©2019 Bergeson & Campbell, P.C.

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About this Author

Lisa Campbell, Bergeson PC, Federal Insecticide Fungicide Rodenticide Act attorney, TSCA lawyer, environmental statutes legal counsel, regulation compliance law
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Lisa Campbell founded Bergeson & Campbell, P.C. (B&C®) with Lynn Bergeson. Today her practice focuses on many aspects of pesticide and chemical regulation. She counsels clients on a wide range of issues pertaining to exposure and risk assessment, risk communication, and related legal and regulatory aspects of pesticide programs under the Federal Insecticide, Fungicide, and Rodenticide Act (FIFRA). She also counsels B&C clients on various chemical-specific programs under the Toxic Substances Control Act (TSCA) as well as chemicals regulation and...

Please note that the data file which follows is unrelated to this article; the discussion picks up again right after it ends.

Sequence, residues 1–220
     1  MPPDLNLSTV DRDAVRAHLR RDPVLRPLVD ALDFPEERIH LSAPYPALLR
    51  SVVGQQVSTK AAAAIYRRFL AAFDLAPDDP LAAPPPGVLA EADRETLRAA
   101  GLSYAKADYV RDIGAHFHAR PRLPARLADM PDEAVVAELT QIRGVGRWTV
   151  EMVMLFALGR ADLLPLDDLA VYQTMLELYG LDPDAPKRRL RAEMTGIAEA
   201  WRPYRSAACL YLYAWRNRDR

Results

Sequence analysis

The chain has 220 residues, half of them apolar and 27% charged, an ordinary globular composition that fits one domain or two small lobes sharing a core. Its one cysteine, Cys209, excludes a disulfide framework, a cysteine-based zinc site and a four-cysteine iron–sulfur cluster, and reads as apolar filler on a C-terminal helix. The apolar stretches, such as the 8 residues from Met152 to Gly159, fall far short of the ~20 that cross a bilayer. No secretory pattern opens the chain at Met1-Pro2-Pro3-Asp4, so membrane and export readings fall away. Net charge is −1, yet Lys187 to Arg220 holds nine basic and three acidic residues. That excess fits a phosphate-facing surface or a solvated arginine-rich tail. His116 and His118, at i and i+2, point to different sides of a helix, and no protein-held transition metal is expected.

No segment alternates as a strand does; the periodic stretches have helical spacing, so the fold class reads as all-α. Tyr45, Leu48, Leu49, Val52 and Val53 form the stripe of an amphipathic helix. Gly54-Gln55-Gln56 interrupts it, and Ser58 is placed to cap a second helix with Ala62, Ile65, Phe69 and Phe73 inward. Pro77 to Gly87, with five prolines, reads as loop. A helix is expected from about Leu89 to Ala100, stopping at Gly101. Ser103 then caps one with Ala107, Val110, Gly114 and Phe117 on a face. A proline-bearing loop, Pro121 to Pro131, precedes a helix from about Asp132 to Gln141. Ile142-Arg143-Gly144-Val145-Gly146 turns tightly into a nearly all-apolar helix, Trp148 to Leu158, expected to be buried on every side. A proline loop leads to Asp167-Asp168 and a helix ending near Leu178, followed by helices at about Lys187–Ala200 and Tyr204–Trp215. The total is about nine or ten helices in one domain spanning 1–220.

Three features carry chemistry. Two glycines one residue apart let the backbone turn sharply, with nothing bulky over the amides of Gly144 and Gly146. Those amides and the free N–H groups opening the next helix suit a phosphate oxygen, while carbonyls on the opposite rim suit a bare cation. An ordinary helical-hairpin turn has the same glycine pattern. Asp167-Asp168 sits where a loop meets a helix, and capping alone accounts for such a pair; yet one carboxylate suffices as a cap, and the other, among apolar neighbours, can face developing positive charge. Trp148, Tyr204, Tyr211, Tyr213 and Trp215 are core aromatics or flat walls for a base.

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James V. Aidala, Bergeson, Senior Government Affairs Consultant, Toxic Substances Lawyer
Senior Government Affairs Consultant

Jim Aidala, Senior Government Affairs Consultant with Bergeson & Campbell, P.C. is a critical ally for any client addressing chemical policy, legislative, and related issues. He has been intimately involved with the Toxic Substances Control Act (TSCA) and the Federal Insecticide, Fungicide, and Rodenticide Act (FIFRA) legislative reauthorization and key regulatory matters for over two decades. Mr. Aidala brings extensive legislative experience on Capitol Hill and past experience as the senior official at the U.S. Environmental Protection Agency (EPA) for pesticide and chemical regulation, and provides clients with vital insights into not only relevant current policies of EPA and sister agencies, but also the way these policies have been or are likely to be formulated to help clients more successfully address regulatory matters. This unmatched wealth of experience allows him to explain, interpret, and predict EPA policies to help clients resolve or address their issues.